The Old Testament in Hebrew (which was the native language of the people of God of old), and the New Testament in Greek (which, at the time of the writing of it, was most generally known to the nations), being immediately inspired by God, and, by His singular care and providence, kept pure in all ages, are therefore authentical (Matt. 5:18); so as, in all controversies of religion, the Church is finally to appeal unto them (Isa. 8:20; Acts 15:15; John 5:39, 46).
I used to write and write and write poems. 5 a week. Sometimes I would write for 6 hours a day. I loved to draw attention to the overlooked, everyday things of life. The magical things. The deep things in the foreground of our daily lives that we just don’t see because we’re usually so busy.
Then I was converted, over a two year period, from the age of 23-25. At the time I was baptized, I had a fellowship with Jack Straw Productions and was well on my way to a promising career as a poet. But as the months passed me by and I began to read Spurgeon instead of Rousseau and Tolkien instead of Patchen, I found that something was different. I couldn’t escape how vainglorious my work had always been. I read it with new eyes and found that it was humanistic, shallow and self-centered.
I continued to write after my conversion, but I couldn’t help it from becoming sermonic. I would pull out my pocket notebook and pen and pour drivel all over the pristine page. Though I was clothed in the white of the lamb, my words were full of kitsch christian platitudes. Continue reading “Emerging from the Wordsmithy”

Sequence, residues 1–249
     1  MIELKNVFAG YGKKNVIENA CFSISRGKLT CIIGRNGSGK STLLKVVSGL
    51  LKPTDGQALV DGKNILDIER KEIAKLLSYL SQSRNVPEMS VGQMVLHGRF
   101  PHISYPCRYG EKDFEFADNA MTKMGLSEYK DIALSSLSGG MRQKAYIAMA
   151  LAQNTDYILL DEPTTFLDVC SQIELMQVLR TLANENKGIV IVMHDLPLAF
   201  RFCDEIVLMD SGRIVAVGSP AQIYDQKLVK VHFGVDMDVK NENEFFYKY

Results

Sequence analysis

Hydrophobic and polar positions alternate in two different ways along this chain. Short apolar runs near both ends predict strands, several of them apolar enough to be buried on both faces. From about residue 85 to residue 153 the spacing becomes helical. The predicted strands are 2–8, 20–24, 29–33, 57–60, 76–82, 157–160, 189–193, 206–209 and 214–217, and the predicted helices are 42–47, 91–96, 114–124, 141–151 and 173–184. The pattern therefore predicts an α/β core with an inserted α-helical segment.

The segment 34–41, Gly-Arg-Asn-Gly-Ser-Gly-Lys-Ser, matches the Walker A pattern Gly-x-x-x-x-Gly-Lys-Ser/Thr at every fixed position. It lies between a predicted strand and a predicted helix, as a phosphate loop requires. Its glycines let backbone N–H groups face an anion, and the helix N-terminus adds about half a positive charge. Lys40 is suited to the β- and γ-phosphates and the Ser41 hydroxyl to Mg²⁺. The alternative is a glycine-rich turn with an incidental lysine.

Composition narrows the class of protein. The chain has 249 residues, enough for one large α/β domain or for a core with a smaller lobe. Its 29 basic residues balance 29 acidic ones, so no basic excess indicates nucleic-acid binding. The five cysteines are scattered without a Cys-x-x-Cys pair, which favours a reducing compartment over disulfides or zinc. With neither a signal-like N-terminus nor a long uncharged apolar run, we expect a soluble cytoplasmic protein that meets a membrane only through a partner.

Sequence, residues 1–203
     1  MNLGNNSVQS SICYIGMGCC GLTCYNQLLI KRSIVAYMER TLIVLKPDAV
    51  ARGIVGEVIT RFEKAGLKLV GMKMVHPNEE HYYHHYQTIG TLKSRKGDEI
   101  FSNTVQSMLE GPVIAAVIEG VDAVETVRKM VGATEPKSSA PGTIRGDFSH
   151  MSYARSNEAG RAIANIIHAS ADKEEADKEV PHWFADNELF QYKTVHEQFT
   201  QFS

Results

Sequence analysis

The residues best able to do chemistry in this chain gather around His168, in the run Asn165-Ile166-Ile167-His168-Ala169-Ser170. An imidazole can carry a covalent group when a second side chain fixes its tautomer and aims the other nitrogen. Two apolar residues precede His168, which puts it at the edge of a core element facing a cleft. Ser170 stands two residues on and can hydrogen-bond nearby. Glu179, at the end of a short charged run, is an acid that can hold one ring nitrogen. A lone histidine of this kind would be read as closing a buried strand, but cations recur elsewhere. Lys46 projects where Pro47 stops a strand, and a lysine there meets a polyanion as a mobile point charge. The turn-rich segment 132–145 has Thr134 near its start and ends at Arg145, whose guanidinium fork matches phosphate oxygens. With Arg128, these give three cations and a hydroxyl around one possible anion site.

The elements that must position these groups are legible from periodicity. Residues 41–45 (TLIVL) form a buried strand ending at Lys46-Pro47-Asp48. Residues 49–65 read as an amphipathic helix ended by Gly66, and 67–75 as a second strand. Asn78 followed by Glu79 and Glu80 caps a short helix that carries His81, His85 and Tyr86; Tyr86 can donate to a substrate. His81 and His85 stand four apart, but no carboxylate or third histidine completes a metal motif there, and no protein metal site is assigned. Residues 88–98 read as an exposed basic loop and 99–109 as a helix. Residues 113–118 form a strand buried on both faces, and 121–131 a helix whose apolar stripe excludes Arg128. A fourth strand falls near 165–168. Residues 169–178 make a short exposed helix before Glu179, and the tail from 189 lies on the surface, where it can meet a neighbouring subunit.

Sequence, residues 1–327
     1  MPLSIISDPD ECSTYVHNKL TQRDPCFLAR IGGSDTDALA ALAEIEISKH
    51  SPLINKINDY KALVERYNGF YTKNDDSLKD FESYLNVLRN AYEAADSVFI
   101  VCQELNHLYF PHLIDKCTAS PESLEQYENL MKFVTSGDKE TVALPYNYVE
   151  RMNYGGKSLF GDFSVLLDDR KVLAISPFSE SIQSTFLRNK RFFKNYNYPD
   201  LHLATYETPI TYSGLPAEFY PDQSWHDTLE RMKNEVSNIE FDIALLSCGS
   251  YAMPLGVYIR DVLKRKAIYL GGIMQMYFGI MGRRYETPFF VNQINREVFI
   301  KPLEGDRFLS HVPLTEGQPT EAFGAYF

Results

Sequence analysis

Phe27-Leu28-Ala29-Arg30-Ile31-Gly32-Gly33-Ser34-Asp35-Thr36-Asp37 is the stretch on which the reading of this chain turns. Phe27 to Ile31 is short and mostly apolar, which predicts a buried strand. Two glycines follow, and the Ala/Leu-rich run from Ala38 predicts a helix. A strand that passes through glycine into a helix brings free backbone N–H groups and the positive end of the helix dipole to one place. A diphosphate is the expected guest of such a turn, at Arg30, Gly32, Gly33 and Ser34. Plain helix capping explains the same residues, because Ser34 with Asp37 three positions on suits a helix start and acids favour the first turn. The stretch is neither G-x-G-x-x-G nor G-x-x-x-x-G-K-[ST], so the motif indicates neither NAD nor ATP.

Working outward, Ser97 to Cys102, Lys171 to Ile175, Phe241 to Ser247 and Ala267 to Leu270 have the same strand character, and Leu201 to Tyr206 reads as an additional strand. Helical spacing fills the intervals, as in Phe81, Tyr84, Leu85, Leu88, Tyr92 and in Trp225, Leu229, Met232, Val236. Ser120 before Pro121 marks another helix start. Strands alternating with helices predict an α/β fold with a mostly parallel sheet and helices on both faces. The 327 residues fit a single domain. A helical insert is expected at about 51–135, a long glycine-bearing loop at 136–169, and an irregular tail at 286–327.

“Each of the five sacrifices that Leviticus requires of the Israelites points to Jesus’ life and death. The burnt offering symbolizes Jesus’ offering of Himself to the Father as the spotless Lamb of God. The grain offering points to Jesus’ life, with the flour representing His perfect character in word and deed. The fellowship offering symbolizes the peace we have with God through Christ (Col. 1:20). The sin offering explains Jesus’ death on the cross, when He took the place of every sinner who would ever believe. Finally, the guilt offering points to Jesus’ payment for our sins against others. None of these sacrifices actually forgives sin, but they point toward the ultimate sacrifice of God’s Son, who makes complete atonement for all sin (Heb. 10). It is through Jesus’ death that every believer is made holy in the sight of almighty God: “God made him who had no sin to be sin for us, so that in him we might become the righteousness of God” (2 Cor. 5:21 NIV). But not only has Jesus provided the means for our positional holiness, He also demands us to live with a practical holiness: “For God did not call us to be impure, but to live a holy life” (1 Thess. 4:7 NIV). This practical holiness is possible only through the power of the Holy Spirit, who gives us both the will and desire to obey Jesus’ commands (Phil. 2:13).”
Wiersbe, Warren W. (2010-11-01). Be Holy (Leviticus): Becoming “Set Apart” for God (The BE Series Commentary) (pp. 8-9). David C Cook. Kindle Edition.
“Gabriel is not stealing praise from God by singling out Mary for a commendation uttered to only one woman in all of human history, by saying, “Greetings, you who are highly favored! The Lord is with you” (Luke 1:28). He affirms her by (1) greeting her (a simple practice overlooked in many homes to the detriment of many relationships); (2) describing her as favored—she has earned nothing, can boast in nothing, and has passively received this bestowal, yet it is an honor to be savored, to be sure; and (3) declaring that the Lord is with her, for her, proactive on her behalf. Again, Mary is distinguished from all other women as being “favored,” and yet ultimately God gets the honor, for he is the one doing the favoring, the gracing, the bestowing.”